The bordermarkers of the Pyrenees : all my trips
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- monday 26 august 2013 -
An endless descent

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(click to open this trip in Google Earth or copy link to Google Maps; click right on this link to download gpx-version)

Summary: part of a 12-days trip to the Pyrenees with a lot of targets from the Ariège mountains to the Basque country

Day 6: sixth day of a 6-days hike following the Ariège-borderridge from bm418 to 425, today visiting bm424 and 425 and then a very long and difficult descent towards Aulus-les-Bains

Weather: sunny in Spain, drizzle & fog in France
For explanation of the gps-coordinates and other cartographic backgrounds:

Start: 8.00, no break, finish: 19.15 , net walking time: 11.15h
According to the gps-tripteller:
Distance:  ?km
Total ascent: ?m
Maximum height: 2358m

According to visugpx

According to visugpx
- distance : 15,5 km
- cum. elevation gain :  791m
- cum. elevation loss :  1740m
- total elevation:  2531m

- altitude maxi :  2367m
- altitude mini :  1059m
- altitude average : 2016 m
From my bivouac-spot, I walk back - partly on the dirtroad - to where I went wrong yesterday.

That point is easy to find. A bit beyond the sign - pointing to Refugio de Certascan - (in the other direction)
the trail has a branch to the left (also red/white waymarked). See also yesterday.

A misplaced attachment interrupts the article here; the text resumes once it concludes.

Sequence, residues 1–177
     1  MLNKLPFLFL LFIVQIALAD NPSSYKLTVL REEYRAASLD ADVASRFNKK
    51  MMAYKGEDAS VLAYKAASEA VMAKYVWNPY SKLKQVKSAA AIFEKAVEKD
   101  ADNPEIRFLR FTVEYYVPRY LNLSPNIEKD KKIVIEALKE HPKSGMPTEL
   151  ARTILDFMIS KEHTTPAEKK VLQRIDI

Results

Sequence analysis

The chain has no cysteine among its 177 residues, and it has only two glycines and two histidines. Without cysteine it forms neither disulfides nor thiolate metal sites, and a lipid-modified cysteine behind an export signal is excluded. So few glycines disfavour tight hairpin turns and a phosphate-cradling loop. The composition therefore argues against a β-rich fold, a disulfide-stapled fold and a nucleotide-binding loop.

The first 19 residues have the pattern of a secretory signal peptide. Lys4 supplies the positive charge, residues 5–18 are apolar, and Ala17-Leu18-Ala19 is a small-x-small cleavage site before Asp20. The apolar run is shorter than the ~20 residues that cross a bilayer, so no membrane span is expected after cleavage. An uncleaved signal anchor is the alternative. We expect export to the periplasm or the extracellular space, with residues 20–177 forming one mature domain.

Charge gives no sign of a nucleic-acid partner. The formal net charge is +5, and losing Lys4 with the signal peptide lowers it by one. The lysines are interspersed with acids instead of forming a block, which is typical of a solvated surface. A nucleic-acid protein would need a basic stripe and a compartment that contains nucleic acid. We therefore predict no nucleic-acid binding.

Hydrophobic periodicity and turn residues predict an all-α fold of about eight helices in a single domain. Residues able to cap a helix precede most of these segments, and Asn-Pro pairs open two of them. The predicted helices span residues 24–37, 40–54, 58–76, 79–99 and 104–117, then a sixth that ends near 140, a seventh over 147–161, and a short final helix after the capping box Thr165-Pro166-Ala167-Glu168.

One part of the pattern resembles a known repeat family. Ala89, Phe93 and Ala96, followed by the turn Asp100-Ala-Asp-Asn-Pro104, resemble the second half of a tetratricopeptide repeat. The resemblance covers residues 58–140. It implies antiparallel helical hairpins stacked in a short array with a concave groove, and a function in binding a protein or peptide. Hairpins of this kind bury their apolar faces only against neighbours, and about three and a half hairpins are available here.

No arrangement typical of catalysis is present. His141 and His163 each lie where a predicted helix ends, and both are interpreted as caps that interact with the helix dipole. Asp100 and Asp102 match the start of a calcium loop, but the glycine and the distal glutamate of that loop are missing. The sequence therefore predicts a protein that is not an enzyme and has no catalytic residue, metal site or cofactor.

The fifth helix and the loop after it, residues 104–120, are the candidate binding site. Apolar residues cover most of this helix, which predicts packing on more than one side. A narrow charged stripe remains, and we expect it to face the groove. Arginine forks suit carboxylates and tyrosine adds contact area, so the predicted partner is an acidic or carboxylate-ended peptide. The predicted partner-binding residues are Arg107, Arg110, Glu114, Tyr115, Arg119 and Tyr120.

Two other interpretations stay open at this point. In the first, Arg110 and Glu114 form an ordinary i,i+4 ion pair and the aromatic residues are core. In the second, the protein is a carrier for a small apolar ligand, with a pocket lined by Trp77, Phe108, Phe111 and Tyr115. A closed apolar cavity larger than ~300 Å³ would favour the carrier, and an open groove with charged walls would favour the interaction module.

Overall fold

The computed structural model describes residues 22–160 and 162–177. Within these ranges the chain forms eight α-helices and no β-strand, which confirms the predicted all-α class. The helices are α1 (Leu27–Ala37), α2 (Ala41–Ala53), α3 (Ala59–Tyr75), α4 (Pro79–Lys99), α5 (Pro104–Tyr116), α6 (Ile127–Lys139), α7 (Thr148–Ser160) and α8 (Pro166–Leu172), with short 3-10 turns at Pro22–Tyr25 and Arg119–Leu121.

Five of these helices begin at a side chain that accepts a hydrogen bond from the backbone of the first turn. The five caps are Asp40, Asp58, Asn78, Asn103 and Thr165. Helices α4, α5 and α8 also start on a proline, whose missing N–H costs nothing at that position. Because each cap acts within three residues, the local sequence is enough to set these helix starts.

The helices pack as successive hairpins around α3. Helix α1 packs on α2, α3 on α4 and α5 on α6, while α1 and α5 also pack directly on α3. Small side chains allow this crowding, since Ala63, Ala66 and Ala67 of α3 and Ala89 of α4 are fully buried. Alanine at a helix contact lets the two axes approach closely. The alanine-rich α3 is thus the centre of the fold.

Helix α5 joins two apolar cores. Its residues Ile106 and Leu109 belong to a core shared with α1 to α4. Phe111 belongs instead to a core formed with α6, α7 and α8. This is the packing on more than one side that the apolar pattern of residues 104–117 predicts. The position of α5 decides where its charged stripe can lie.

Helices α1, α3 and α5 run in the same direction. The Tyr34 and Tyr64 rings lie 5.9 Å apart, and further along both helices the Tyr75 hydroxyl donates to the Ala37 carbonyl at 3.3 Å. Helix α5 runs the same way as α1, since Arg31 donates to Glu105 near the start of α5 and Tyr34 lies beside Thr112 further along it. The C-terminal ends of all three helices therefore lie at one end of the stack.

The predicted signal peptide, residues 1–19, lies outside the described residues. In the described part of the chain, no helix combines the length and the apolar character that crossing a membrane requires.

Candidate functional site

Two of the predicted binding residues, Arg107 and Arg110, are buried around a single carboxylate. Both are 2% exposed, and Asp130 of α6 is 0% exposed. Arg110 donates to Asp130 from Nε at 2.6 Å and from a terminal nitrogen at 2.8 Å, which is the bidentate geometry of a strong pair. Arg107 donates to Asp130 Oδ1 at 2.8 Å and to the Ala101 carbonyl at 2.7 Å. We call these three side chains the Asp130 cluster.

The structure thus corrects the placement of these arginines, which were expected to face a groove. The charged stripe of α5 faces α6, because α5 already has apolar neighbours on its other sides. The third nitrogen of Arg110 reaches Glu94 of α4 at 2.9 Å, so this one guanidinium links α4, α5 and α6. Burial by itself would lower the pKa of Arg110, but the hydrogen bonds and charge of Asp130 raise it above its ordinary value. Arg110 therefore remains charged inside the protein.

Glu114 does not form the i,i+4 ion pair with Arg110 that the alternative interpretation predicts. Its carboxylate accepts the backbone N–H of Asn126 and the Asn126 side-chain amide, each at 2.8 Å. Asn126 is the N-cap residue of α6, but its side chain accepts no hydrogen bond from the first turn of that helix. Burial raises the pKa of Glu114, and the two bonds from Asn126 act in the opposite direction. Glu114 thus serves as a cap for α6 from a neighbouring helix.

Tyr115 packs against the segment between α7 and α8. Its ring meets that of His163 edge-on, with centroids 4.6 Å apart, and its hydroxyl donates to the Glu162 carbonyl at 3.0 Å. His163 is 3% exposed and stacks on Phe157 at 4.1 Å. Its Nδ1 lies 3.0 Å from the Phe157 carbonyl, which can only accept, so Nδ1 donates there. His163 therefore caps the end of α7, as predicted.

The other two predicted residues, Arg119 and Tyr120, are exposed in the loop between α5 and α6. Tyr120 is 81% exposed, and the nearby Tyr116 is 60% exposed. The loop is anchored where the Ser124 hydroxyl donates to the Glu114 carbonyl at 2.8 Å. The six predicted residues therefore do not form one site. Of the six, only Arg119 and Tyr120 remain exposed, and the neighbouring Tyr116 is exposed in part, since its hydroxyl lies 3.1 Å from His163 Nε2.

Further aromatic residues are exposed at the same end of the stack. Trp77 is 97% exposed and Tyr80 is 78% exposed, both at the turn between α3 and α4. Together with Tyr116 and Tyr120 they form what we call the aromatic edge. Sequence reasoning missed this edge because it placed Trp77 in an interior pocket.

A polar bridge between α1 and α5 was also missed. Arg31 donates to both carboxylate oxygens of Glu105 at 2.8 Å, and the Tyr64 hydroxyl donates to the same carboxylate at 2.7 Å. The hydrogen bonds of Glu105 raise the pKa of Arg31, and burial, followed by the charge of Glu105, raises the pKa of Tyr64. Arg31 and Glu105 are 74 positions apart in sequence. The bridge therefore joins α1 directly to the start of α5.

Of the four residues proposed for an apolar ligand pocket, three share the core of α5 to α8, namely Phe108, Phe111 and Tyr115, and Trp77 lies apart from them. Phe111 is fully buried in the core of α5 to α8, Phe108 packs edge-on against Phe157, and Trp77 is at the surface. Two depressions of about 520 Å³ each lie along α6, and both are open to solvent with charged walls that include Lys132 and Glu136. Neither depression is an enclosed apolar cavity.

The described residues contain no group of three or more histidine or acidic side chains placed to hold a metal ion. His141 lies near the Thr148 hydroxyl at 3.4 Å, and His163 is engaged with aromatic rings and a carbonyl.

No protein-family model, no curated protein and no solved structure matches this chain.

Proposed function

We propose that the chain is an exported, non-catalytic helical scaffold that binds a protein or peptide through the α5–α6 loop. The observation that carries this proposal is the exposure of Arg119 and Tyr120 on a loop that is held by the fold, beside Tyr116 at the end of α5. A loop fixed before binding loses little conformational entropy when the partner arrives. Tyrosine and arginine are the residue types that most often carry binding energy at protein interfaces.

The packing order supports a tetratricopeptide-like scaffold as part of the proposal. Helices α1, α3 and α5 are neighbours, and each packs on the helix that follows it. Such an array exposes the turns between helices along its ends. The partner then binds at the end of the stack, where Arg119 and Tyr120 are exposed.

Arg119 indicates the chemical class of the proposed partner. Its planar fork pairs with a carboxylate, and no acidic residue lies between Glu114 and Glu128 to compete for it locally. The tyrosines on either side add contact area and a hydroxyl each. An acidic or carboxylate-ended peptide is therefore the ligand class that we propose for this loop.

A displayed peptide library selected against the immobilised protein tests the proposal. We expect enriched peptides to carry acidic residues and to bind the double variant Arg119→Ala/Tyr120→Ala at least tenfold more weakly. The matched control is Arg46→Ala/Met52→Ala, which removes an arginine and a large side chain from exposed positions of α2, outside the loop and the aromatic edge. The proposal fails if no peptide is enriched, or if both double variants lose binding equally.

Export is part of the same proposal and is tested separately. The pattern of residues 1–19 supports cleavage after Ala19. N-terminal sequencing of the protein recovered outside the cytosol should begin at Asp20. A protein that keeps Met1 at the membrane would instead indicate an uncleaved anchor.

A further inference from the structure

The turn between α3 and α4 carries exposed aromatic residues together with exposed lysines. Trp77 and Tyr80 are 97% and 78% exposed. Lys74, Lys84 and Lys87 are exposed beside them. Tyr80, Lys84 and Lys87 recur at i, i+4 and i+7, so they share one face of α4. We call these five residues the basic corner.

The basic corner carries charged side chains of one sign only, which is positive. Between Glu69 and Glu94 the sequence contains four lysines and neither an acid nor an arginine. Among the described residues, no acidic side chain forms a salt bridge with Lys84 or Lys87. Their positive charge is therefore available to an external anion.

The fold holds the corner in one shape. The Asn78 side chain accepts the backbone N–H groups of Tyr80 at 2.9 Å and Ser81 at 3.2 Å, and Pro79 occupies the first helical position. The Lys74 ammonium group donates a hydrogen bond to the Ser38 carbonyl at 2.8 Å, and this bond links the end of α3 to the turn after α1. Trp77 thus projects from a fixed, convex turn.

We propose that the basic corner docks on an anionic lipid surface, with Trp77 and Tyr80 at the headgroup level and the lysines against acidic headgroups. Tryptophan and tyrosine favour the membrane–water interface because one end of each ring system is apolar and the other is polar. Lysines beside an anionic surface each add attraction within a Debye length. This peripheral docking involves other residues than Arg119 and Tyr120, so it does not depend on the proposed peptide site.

This picture: the beginning of the branch which

climbs in lacelets to a pass.

From that pass, this view NWW

towards the Refuge de Certascan.
Then descending  to the lake of Estany de Romedo de Dalt.
I will - later - go past the other side of this lake but
first to its SE-corner.
At that corner, you can see NEE in the far distance the lake of  Barratge de Romedo de Baix
Zoom-in of the previous picture.
At the SE-corner of the lake is a bifurcation of the trail

- straight on = the descent to the lake of Barratge de Romedo de Baix
- to the left is my route towards bm424: it's a continuation of the red/white trail and together with green and red waymarks, they are sufficient to lead me from the first lake to the third.
There are some bivouac-possibilities along this lake and the two next ones.
This is still the first lake, now looking back SW to
the pass which I have crossed earlier.
As you can see, there are enough waymarks to lead you along the three successive lakes.
Now I have passed the second lake and look back.
At the third lake, the red/white trail climbs first up a valley to the E and then bends away N to cross the border at an unnamed pass.
At this point - where the trail bends N (= to the left at this picture) - I leave the trail and keep heading E (=straight ahead on this picture)
and climb in ± 200m to a sort of pass.

Close to that pass, the Port de Sounou (bm424) is already visible in the distance.

Note: on the Spanish maps this pass is named: Port de Guiló.

Zoom-in of Port de Sounou.

Note the metal stick at the right of the Port.
From that pass, I first have to descend to a small lake.

I pass the lake at its left side
and keep progressing NEE amidst the rocks and boulders towards the Port.

After passing these two tiny lakes (I'm looking back),
I reach the Port de Sounou with bm424.
Bm424 might be difficult to recognize as it was for me the first time on 24 august 2007.

So let's zoom-in

and zoom-in

The engravings are not easy to recognize from distance.

But with chalk they prove to be still fine.



And looking back SW from the pass.

The metal pole is a landmark of this borderpass, recognizable from far away

Two last picture of

the location of bm424.

My plan is to descend into France and climb back in the next valley to bm425. I estimated that it would take me one hour to do so but it was 2 hours.